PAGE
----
Wednesday, 13 November 2013

School Cookery Book

Queen Margaret University traces its origins back to 1875 with the opening of the Edinburgh School of Cookery.  This little book, which is part of QMU's archive,  was first published in 1879 and reflects one of the core aspirations of the founders of the School, to improve the diet and health of the urban poor.  ‘The School Cookery Book’ sets out ‘All that is necessary to give clear knowledge of the theory and practice of good economical cooking"  Written by Christian Guthrie Wright in collaboration with the scientist Sir Thomas Dyke Acland and two "distinguished medical doctors" (probably Dr Henry Littlejohn - Edinburgh's first Medical Officer of Health - and Dr Alexander Wood) it reflected the most advanced level of scientific knowledge of diet and nutrition at the time, presented in simple, accessible language.  Published by Macmillan it formed part of the Science Primers series which came under the general editorship of the celebrated naturalist Professor T.H. Huxley.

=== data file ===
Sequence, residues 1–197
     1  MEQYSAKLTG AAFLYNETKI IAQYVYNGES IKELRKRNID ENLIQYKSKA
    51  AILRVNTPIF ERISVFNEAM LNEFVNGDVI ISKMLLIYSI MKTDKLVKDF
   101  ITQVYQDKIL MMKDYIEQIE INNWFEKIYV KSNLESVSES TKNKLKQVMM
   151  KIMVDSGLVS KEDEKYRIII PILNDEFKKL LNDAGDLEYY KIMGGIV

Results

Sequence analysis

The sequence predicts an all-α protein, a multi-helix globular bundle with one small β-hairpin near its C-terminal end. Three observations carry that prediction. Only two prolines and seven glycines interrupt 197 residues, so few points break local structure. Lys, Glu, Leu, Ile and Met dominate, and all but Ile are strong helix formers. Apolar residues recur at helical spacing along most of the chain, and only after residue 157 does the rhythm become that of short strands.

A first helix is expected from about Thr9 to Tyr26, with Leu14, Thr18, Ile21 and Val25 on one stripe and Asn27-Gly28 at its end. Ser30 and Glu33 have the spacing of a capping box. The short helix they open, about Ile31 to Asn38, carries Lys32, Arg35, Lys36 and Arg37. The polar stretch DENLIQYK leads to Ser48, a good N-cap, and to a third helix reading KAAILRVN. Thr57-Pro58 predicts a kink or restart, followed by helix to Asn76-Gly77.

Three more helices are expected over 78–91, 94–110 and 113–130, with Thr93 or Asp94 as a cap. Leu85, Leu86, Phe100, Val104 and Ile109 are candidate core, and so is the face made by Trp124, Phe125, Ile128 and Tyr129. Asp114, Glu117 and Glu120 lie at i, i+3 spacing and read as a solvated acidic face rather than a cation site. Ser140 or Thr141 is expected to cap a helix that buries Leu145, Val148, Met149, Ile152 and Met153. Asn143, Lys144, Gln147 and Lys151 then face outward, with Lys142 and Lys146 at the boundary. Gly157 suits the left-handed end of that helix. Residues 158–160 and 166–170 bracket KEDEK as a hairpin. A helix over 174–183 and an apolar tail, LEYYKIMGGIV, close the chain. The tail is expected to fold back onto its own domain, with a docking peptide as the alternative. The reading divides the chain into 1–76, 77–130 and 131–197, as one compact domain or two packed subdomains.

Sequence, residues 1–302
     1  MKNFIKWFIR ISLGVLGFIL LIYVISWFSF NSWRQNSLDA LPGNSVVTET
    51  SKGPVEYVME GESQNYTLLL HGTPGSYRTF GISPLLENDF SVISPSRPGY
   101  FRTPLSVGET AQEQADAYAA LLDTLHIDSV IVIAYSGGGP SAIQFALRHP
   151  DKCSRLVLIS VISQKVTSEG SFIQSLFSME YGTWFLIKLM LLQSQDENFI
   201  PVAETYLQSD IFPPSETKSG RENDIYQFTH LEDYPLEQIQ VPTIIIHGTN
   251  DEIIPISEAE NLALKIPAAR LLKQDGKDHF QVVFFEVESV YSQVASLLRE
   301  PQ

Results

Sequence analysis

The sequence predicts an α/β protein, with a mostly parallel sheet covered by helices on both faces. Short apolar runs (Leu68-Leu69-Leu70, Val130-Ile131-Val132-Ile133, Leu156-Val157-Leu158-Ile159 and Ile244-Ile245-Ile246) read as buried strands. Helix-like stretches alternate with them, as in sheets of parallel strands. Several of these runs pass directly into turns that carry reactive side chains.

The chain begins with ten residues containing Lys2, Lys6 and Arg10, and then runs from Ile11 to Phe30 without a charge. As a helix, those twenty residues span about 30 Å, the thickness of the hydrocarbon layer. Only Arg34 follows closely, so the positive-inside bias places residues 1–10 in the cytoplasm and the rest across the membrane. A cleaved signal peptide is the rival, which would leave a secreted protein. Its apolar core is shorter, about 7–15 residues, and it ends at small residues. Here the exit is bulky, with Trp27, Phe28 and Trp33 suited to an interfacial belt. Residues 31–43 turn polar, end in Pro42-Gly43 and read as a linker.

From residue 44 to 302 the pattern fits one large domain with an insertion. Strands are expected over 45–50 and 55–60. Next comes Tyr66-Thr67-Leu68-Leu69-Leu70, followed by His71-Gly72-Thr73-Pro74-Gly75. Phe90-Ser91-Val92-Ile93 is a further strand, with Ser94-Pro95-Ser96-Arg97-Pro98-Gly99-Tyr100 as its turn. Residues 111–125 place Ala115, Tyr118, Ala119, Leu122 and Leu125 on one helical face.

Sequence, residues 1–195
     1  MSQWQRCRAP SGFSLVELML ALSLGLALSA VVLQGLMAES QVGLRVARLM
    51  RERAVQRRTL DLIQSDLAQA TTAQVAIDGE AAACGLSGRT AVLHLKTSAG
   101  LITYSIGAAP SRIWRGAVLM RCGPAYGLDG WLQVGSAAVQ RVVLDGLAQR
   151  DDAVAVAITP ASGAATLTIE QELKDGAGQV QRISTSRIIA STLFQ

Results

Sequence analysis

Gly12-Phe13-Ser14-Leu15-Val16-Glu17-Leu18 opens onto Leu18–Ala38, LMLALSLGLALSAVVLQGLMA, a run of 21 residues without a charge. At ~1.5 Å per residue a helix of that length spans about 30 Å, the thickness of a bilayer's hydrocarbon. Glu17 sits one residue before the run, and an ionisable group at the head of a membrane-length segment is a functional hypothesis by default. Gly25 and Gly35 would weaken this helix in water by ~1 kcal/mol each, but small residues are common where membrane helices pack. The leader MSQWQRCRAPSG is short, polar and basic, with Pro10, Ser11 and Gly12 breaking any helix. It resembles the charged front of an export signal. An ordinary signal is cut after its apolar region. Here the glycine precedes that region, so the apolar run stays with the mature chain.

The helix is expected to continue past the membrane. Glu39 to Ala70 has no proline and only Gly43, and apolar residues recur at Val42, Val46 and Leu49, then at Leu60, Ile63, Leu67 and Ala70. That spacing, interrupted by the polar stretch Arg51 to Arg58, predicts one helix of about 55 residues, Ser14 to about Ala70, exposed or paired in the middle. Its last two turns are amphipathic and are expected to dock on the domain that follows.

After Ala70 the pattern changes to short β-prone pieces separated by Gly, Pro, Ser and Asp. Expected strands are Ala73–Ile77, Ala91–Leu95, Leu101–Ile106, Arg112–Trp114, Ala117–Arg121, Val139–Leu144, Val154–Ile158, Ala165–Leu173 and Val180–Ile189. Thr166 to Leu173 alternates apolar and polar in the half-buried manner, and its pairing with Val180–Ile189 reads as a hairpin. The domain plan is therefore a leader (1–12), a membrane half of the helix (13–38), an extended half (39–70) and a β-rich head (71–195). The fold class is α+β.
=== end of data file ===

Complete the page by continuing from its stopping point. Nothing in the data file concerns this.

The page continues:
The 158-page volume gives an introduction to the theory of cookery, selection of food and materials and sets out a range of recipes and cooking techniques in straightforward practical terms. Although to a modern day reader, some of the recipe titles can be deceptive; chapter XVI entitled entries for Goose Pudding a‘Cheap Dishes Without Meat’ contains Welsh Rabbit.

Recipe for 'Welsh Rabbit'

The book was an immense success, selling 3738 copies in its first year. It ran into many editions and was the basis of subsequent cookery texts produced by the School.

If you would like to see more information on the founding of The Edinburgh School of Cookery, please visit the exhibition case on the ground floor of the  campus. 

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